How To Identify A Drive

Table of contents:

How To Identify A Drive
How To Identify A Drive

Video: How To Identify A Drive

Video: How To Identify A Drive
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There are three types of car drive: front, rear and full. The type of drive affects which wheels of the vehicle are driving it. The characteristics of the car and the features of its control largely depend on this characteristic.

How to identify a drive
How to identify a drive


Step 1

Information about the type of drive must be indicated in the documentation for your vehicle. Read them carefully and find the mention of the type of drive. If the documents are not available at the moment, use other methods.

Step 2

Most four-wheel drive vehicles have a “4WD”, “AWD” (all wheel drive) or “4x4” badge on the tailgate or rear fender. Try to find them.

Step 3

In all four-wheel drive vehicles, there is always another lever in the cabin next to the gearshift knob. He is responsible for shifting the transfer case. This lever has several positions. The most common:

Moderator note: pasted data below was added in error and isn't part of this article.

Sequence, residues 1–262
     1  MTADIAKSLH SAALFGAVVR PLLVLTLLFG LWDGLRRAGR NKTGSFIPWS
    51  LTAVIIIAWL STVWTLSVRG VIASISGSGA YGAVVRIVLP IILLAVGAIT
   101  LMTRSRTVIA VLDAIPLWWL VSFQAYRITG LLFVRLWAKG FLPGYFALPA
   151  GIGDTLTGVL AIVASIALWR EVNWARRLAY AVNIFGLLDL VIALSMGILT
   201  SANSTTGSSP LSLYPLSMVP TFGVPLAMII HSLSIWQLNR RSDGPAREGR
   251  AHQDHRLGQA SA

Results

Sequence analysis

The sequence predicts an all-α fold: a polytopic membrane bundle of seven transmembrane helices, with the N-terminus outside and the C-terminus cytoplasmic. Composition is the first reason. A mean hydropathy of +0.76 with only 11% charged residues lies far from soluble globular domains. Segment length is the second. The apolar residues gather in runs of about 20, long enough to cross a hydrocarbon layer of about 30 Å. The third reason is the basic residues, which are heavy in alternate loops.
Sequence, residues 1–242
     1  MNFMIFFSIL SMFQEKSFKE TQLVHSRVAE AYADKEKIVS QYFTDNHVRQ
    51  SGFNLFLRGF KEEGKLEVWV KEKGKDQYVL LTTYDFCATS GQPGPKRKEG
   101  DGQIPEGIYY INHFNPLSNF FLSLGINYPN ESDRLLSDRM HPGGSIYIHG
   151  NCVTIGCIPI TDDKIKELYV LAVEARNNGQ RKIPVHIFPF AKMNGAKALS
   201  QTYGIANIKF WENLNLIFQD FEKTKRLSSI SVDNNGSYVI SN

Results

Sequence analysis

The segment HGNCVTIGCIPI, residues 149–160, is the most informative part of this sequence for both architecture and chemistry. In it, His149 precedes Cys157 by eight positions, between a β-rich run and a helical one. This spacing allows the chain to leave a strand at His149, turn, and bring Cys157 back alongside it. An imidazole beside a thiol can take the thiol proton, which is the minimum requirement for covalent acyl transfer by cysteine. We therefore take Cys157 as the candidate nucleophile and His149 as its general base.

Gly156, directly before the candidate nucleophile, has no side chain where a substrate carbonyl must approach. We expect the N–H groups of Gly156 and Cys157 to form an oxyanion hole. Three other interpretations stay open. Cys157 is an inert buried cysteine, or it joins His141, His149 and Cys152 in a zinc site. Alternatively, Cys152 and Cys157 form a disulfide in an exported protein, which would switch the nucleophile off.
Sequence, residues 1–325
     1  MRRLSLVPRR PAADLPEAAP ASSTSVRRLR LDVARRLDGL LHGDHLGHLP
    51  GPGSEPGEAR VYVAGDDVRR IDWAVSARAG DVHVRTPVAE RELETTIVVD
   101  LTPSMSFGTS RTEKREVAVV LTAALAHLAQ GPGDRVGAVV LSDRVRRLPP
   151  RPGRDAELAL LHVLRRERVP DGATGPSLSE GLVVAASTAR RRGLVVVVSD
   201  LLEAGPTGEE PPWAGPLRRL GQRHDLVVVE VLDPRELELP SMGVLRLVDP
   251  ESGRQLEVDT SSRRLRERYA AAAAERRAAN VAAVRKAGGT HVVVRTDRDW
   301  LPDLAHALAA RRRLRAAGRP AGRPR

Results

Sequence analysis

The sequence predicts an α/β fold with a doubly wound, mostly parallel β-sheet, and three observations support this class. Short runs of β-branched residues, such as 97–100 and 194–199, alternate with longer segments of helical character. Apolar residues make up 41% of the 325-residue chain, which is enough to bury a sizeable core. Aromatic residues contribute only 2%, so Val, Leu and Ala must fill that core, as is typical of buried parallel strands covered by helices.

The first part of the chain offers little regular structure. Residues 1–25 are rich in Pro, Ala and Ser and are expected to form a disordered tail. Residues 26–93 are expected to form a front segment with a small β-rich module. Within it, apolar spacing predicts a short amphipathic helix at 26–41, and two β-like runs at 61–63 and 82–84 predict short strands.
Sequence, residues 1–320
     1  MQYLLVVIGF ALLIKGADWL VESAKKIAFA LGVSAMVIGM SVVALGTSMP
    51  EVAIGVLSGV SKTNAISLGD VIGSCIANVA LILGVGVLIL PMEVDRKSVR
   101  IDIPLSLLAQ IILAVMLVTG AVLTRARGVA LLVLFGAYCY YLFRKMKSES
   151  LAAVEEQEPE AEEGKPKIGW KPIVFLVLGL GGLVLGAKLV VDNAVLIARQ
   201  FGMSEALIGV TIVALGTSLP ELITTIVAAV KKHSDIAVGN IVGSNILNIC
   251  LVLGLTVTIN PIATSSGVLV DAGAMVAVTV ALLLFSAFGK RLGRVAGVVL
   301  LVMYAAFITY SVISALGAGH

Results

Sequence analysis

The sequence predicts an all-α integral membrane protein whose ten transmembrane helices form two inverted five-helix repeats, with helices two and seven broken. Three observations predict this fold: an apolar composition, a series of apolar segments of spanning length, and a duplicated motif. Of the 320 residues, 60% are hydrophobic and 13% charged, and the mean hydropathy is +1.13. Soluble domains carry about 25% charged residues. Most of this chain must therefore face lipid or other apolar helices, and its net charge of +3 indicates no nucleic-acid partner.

- “N” - neutral position when none of the bridges is connected;

- “2H” - rear axle drive is on;

- “4L” - four-wheel drive with a low range is included;

- “4H” - four-wheel drive is on.

Step 4

Such a lever is present even if the car is not equipped with permanent all-wheel drive. The positions of the four-wheel drive control stick can be as follows:

- "LL" - low speed;

- “H” - high speed;

- “HL” - high speed with activated center differential lock;

- “N” - neutral position.

Step 5

If your car does not have these handles, it is quite easy to determine which type of drive it has, front or rear. Try to get under way as hard as possible. Then see which wheels have slipped in place. If the rear ones, then they are the leading ones on this car, i.e. the car will be rear wheel drive.

Step 6

In addition, the manner of movement of the car is also different. On a slippery road, the nose of a rear-wheel drive vehicle skids. This makes driving such vehicles dangerous during the winter season. However, rear-wheel drive cars accelerate better, which is why almost all race cars are rear-wheel drive.